Abstract

For band-limited optical systems, necessary and sufficient conditions have been obtained that enable us to characterize the mutual coherence functions of all partially coherent quasi-monochromatic sources that generate the same intensity at the output. Throughout this work, two different cases have been considered: In the first one, the general equation that links the output intensity with the mutual coherence function at the input plane has been assumed to be valid over the entire output plane, whereas in the second case its validity has been restricted to a finite region of this plane. The common characteristics of the sources may be directly calculated from the output-intensity data. Comparison with other previously reported results has been done. To elucidate whether a function really represents a true mutual coherence function, a general criterion has been established. Finally, from any given intensity distribution at the output plane, we have determined the explicit analytical expression of the mutual coherence function of a source that can reproduce the same output-intensity data.

© 1985 Optical Society of America

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References

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  1. J. Perina, Coherence of Light (Van Nostrand, London, 1971).
  2. In order to simplify the expressions, in this work we shall consider unidimensional variables. However, the results that we shall obtain can be extended in straightforward way to the bidimensional case.
  3. E. Wolf, “The radiant intensity from planar sources of any state of coherence,” J. Opt. Soc. Am. 68, 1597–1605 (1978).
    [CrossRef]
  4. E. Collet, E. Wolf, “New equivalence theorems for planar sources that generate the same distributions of radiant intensity,” J. Opt. Soc. Am. 69, 942–950 (1979).
    [CrossRef]
  5. R. Martínez-Herrero, P. M. Mejías, “Relation between planar sources that generate the same intensity distribution at the output plane,” J. Opt. Soc. Am. 72, 131–135 (1982).
    [CrossRef]
  6. R. Martínez-Herrero, P. M. Mejías, “Relation among planar sources that generate the same radiant intensity at the output of a general optical system,” J. Opt. Soc. Am. 72, 765–769 (1982).
    [CrossRef]
  7. A system is said to be band limited if the Fourier transform of its integral kernel possess bounded support. Many common optical systems satisfy this condition (see, for example, Refs. 8 and 9).
  8. R. Martínez-Herrero, M. Arenas, “Obtaining any given intensity at discrete close points at the output of band-limited optical systems,” Opt. Acta 31, 467–470 (1984).
    [CrossRef]
  9. R. Martínez-Herrero, P. M. Mejías, “Uniqueness in the inverse problem for homogeneous sources. Application to some optical systems,” Opt. Acta 31, 917–922 (1984).
    [CrossRef]
  10. S. Goldman, Information Theory (Dover, New York, 1968).
  11. H. Gamo, “Matrix treatment of partial coherence,” in Progress in Optics, E. Wolf, ed. (North-Holland, Amsterdam, 1964), Vol. III, pp. 187–332.
    [CrossRef]
  12. It has been taken into account that the sinc functions appearing in Eq. (3) are orthogonal in ℝ.
  13. To prove the proposition, no explicit insertion of these coefficients is required.
  14. A. C. Zaanen, Linear Analysis (North-Holland, Amsterdam, 1960).
  15. This set of functions is also called the null space of the operator and is commonly denoted by ker{ }.
  16. R. Martínez-Herrero, “Expansion of complex degree of coherence,” Nuovo Cimento 54, 205–210 (1979).
  17. In the general case, a procedure similar to that shown in the present paper may be also followed: In fact, it will suffice to select from the global set of functions {K(n/4B, x), n an integer} the complete collection of linearly independent functions and apply to them an orthonormalization method. The resultant functions can be used in the same way as the family {φn(x)} in Eqs. (36)–(38). Note that, in some particular cases, all the functions K(n/4B, x) are linearly independent: This can easily be shown, for example, for any isoplanatic optical system [i.e., a system whose kernel is of the form K(y− x)] when Ω extends from −∞ to +∞.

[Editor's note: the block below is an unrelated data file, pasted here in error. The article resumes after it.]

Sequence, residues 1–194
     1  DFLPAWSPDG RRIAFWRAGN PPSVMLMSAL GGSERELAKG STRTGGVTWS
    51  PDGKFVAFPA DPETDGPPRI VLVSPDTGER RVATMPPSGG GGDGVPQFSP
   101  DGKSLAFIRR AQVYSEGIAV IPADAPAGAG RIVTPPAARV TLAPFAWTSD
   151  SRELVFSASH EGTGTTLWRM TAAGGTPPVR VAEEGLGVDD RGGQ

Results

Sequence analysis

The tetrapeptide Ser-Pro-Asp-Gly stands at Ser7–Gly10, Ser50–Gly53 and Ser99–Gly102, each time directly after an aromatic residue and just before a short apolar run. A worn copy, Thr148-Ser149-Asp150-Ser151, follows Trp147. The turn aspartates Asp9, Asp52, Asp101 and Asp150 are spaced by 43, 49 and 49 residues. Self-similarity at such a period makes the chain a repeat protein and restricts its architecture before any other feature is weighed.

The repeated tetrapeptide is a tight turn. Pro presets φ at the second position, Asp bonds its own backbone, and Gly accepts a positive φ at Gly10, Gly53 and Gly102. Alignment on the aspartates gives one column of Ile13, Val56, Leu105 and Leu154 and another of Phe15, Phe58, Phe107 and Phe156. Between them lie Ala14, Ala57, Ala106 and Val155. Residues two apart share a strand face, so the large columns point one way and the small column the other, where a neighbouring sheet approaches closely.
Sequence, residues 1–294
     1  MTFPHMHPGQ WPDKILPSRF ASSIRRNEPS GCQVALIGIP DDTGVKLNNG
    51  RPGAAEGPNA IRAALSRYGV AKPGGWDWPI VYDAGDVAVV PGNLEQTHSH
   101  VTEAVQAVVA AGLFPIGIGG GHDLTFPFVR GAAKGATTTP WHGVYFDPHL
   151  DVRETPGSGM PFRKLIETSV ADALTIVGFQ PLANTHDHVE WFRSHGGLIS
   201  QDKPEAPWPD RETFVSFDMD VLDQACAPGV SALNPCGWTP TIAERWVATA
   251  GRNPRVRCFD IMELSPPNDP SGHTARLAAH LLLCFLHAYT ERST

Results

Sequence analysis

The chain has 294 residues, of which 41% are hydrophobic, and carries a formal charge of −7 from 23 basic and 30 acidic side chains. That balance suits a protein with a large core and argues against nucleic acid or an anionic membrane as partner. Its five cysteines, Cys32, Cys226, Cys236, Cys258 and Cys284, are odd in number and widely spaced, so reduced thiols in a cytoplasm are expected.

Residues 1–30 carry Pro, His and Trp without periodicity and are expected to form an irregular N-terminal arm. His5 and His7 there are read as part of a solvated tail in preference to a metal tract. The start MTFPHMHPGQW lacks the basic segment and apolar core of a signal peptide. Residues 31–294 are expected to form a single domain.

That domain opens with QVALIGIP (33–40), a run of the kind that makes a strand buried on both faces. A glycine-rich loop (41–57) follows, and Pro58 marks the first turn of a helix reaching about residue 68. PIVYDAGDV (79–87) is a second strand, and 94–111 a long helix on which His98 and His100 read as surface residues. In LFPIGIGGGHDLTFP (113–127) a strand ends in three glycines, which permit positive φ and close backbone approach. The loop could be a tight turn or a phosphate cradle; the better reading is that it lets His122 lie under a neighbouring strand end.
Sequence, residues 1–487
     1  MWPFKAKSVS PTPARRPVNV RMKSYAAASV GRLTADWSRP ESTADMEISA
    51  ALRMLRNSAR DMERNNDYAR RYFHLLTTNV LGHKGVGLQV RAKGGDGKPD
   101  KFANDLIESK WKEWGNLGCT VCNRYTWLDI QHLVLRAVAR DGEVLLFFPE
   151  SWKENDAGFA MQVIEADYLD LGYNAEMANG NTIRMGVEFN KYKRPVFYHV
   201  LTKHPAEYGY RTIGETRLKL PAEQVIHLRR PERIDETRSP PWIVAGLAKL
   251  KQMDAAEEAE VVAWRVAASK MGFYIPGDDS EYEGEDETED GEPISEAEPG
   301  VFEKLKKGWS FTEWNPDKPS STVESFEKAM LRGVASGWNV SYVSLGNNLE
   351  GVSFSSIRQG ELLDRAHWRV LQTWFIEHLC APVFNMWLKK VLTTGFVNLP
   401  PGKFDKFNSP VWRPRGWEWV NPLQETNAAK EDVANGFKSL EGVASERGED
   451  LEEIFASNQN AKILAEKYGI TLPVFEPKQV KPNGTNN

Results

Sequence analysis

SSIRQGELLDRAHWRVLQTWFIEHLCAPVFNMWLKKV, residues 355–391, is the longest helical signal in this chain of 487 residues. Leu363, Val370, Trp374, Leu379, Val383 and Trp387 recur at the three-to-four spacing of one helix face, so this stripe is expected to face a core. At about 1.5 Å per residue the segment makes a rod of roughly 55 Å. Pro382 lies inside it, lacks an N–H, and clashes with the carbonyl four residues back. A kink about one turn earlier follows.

1984 (2)

R. Martínez-Herrero, M. Arenas, “Obtaining any given intensity at discrete close points at the output of band-limited optical systems,” Opt. Acta 31, 467–470 (1984).
[CrossRef]

R. Martínez-Herrero, P. M. Mejías, “Uniqueness in the inverse problem for homogeneous sources. Application to some optical systems,” Opt. Acta 31, 917–922 (1984).
[CrossRef]

1982 (2)

1979 (2)

1978 (1)

Arenas, M.

R. Martínez-Herrero, M. Arenas, “Obtaining any given intensity at discrete close points at the output of band-limited optical systems,” Opt. Acta 31, 467–470 (1984).
[CrossRef]

Collet, E.

Gamo, H.

H. Gamo, “Matrix treatment of partial coherence,” in Progress in Optics, E. Wolf, ed. (North-Holland, Amsterdam, 1964), Vol. III, pp. 187–332.
[CrossRef]

Goldman, S.

S. Goldman, Information Theory (Dover, New York, 1968).

Martínez-Herrero, R.

R. Martínez-Herrero, M. Arenas, “Obtaining any given intensity at discrete close points at the output of band-limited optical systems,” Opt. Acta 31, 467–470 (1984).
[CrossRef]

R. Martínez-Herrero, P. M. Mejías, “Uniqueness in the inverse problem for homogeneous sources. Application to some optical systems,” Opt. Acta 31, 917–922 (1984).
[CrossRef]

R. Martínez-Herrero, P. M. Mejías, “Relation between planar sources that generate the same intensity distribution at the output plane,” J. Opt. Soc. Am. 72, 131–135 (1982).
[CrossRef]

R. Martínez-Herrero, P. M. Mejías, “Relation among planar sources that generate the same radiant intensity at the output of a general optical system,” J. Opt. Soc. Am. 72, 765–769 (1982).
[CrossRef]

R. Martínez-Herrero, “Expansion of complex degree of coherence,” Nuovo Cimento 54, 205–210 (1979).

Mejías, P. M.

Perina, J.

J. Perina, Coherence of Light (Van Nostrand, London, 1971).